The Cone of Shame (Elizabethan Collar or E-collar): Tips and Techniques
Posted on Laceys Barkery by Cheryl
About two weeks ago, our chocolate lab Willow had to go in for eye surgery to remove a growth on her lower eyelid that we had been watching for a while. Of course, after the surgery, she was required to wear the cone of shame for 10 days, which was not easy for her or us. So I got to thinking about the cone and its history and some rules for its use.
Now, I know that no one likes the cone of shame. For one thing, you’re pet is sick. They’ve had surgery and they hurt. The stitches itch and they probably want to scratch and lick. Enter the e-collar.
Your veterinarian will advise you on how long to keep the e-collar on your pet and that’s a date you should obey. The last thing you want to have happen is to take that collar off early and then have a random scratch rip open those sutures: more pain and more money to fix what three more days in an e-collar would have fixed.
Here are some other rules to live by for cats and dogs from Dr. Ernest Ward of VCA Hospitals:
- If your cat is an indoor/outdoor cat, for the length of the e-collar, your cat needs to be indoors. It will affect their vision and balance and for their safety they need to remain under your watchful care.
- Dogs, too, should remain indoors and under your watchful care for the duration of their time with the cone in case you are in the habit of letting them run loose. For dogs, it is suggested that you first put them in a small room where they can feel comfortable and there are not lots of small objects to hit and knock over. Once they are comfortable in this space, you can ease them out to the larger space of the house.
- Both dogs and cats will become more easily startled and may run into things. Store valuable items out of the way. Take care when approaching your pet as their peripheral vision is affected so as not to unduly startle them.
- Cats with long hair may need extra care with grooming as they won’t be able to do of this on their own. All cats and dogs should be checked daily to see if there are any spots of irritation or abrasions near the e-collar site.
- If your cat or dog will not eat or drink with the e-collar on, try elevating their food and water. If that doesn’t work, try placing it on a shallower dish, such as a plate.
- If you take the e-collar off (which is usually not recommended, but some pets won’t potty or eat with it on), when you put it back on be sure to leave at least two fingers worth of space on the neck for your pet to breathe and swallow and the e-collar to move around freely.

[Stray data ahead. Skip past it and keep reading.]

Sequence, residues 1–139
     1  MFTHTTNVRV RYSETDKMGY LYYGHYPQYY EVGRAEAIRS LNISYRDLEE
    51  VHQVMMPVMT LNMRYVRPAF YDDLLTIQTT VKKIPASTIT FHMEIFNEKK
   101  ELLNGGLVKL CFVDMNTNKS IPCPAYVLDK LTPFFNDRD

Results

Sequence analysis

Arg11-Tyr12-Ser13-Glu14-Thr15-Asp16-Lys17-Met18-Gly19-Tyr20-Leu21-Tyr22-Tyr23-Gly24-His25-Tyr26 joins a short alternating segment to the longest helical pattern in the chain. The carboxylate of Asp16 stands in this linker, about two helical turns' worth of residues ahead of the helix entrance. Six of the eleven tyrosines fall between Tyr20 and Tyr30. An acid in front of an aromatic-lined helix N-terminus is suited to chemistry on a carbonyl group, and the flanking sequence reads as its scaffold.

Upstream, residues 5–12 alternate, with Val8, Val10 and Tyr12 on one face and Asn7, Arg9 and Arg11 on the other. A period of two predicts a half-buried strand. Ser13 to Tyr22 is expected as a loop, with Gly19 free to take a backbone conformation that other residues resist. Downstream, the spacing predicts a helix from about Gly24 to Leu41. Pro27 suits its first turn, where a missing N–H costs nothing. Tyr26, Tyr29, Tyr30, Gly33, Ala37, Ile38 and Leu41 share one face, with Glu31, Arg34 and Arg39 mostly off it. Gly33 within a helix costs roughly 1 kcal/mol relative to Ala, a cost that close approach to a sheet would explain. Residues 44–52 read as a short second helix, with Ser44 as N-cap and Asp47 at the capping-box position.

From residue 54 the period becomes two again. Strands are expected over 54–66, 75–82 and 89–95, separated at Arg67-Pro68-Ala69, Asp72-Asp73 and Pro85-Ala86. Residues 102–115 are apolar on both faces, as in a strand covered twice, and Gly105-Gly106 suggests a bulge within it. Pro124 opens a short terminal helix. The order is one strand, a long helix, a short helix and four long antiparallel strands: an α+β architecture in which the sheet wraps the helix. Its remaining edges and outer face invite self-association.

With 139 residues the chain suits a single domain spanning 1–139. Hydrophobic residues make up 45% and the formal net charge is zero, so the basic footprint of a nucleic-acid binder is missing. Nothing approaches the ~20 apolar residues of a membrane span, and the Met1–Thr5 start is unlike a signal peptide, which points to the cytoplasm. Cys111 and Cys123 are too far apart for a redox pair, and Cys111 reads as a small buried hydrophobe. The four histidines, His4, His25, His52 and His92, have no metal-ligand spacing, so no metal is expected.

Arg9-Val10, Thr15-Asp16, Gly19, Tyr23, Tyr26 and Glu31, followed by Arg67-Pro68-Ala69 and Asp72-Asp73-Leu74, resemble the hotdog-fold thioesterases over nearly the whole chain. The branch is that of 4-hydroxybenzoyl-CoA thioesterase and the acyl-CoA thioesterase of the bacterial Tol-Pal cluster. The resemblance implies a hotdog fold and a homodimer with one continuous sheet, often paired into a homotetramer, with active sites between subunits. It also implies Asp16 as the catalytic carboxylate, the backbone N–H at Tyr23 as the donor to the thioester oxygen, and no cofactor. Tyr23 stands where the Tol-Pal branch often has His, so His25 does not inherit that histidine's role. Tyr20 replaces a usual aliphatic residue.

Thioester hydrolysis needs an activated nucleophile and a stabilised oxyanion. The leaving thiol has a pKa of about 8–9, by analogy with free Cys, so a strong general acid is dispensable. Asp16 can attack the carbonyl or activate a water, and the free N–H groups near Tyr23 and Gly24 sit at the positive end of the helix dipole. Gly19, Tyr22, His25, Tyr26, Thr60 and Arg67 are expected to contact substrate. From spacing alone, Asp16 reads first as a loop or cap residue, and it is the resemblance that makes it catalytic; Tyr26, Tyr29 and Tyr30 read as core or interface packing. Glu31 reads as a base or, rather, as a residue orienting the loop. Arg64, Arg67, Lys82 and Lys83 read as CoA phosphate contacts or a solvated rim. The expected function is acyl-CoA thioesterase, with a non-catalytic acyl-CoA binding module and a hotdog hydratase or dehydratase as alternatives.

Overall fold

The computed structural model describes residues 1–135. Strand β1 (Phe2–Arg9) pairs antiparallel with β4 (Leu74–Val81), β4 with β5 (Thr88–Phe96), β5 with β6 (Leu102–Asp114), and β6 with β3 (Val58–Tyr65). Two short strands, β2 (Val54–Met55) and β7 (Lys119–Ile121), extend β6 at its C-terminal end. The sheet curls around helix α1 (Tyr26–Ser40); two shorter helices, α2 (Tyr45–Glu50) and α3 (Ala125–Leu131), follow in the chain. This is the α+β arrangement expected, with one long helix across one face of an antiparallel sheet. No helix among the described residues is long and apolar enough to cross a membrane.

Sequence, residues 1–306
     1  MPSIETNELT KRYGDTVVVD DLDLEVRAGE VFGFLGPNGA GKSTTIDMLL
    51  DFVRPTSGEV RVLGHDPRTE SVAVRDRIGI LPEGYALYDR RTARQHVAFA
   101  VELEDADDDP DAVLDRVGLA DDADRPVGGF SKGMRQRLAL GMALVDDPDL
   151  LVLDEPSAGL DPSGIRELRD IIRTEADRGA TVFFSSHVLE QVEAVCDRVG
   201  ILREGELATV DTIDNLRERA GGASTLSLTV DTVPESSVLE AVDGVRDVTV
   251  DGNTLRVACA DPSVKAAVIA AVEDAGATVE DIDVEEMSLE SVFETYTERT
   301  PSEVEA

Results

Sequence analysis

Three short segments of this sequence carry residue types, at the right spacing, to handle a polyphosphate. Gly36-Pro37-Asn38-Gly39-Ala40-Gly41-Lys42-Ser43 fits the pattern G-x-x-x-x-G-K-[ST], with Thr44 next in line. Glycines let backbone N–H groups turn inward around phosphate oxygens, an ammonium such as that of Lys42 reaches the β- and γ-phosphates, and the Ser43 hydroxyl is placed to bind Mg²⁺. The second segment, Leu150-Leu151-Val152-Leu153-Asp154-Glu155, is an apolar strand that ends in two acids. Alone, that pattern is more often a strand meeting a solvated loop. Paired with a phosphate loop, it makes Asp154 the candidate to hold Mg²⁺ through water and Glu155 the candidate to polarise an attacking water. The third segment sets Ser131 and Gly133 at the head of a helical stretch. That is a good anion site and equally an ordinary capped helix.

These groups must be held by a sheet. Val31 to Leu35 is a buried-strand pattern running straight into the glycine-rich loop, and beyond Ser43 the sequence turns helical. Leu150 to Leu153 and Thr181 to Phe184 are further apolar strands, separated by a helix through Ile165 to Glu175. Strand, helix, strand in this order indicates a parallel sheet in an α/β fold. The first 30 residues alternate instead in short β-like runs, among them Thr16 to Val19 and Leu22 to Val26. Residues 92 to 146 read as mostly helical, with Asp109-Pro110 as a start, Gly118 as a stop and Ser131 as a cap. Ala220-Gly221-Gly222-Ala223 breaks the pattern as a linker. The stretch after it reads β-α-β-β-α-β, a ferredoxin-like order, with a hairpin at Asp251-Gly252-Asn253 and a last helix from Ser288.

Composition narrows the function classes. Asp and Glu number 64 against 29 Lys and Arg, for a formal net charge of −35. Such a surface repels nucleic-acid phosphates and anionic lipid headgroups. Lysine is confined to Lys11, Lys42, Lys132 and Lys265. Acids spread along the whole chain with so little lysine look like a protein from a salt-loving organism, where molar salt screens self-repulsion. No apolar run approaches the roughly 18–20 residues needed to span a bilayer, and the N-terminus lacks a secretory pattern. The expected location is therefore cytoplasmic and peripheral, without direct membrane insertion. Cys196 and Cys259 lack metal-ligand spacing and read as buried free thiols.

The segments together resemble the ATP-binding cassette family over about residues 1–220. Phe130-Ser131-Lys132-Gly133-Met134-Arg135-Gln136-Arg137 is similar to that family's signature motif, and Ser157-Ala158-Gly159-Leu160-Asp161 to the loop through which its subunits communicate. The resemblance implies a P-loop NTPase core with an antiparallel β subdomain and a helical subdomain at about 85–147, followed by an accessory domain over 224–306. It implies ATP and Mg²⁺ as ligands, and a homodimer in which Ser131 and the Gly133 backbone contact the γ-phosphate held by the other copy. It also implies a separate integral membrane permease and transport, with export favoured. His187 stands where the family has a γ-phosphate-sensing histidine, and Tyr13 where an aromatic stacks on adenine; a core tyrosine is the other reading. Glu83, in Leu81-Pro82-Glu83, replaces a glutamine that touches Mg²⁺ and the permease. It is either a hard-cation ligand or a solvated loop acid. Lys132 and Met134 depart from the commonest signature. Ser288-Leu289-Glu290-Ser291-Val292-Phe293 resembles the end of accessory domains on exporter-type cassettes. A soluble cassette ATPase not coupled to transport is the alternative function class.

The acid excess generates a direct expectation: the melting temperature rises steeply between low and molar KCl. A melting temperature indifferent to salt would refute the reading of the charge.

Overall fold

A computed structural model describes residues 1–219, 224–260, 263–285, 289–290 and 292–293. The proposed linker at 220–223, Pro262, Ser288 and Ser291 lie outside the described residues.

Here is a video on how to reattach an e-collar if your pet wont eat or drink with their e-collar on.
One of the alternatives to the standard e-collar is the doughnut collar or inflatable e-collar pictured below.
Some dogs prefer this to the standard e-collar as it doesn’t affect their vision. The company from the photo above is Boobooloon. They have over 25,000 likes on Facebook and it does look comfy and easy to take on and off. In addition to Boobooloon, which is also fun to say, other inflatable e-collars include: the Kong cloud collar and Procollar has a version that looks remarkably similar to Kong’s. All are available from Amazon.com.
There is a company that says that they have an answer to the cone of shame: Hagar Collars. They say their collars are more humane and promote a better sense of well-being which in turn will help pets heal faster than with the e-collars. While I think this could be true for many of the cases for which you would use an e-collar, I don’t think the or the inflatables would be appropriate for anything dealing with the eyes, as the main purpose is to keep the dog from scratching or rubbing that area. It’s an option. Talk to your vet. See what they think.
Every pet is different. Our dog Loca, a beagle, wouldn’t potty because she needed to sniff the ground and decide on a spot before she would go. So, there was a lot of on again, off again with the cone when she had it. Willow was a trooper. Her only bad habit was running really fast into everything. I think she thought if she ran, she could leave the cone behind her. It didn’t work that way. By the 10th day she would sit at the bottom of the stairs and we practically carried her up. She is much happier now that the cone is off and she is free to roam as a normal dog. The test came back as a melanoma, but the area had clean margins, so they think that they got everything and that we shouldn’t have to do anything more. So that was good news.
Contact Cheryl at firstname.lastname@example.org
About Cheryl I am a high school librarian and guide dog puppy raiser. My husband and I thought raising guide dog puppies for Southeastern Guide Dogs for the blind would fill that empty place when having children was not an option for us. Having a guide dog puppy with us at all times changed our lives. Our blog The McLean Puppy Chronicles tells the story of how sometimes when you start a project where you think you will be giving back, you end up receiving so much more in return. We are now on our fourth guide dog puppy. We first raised Bingo, then HRH Berkeley, Jam and now we are raising Coach. visit our blog and see what Coach is up to. 😎
This article was originally posted and shared by Lucy’s Barkery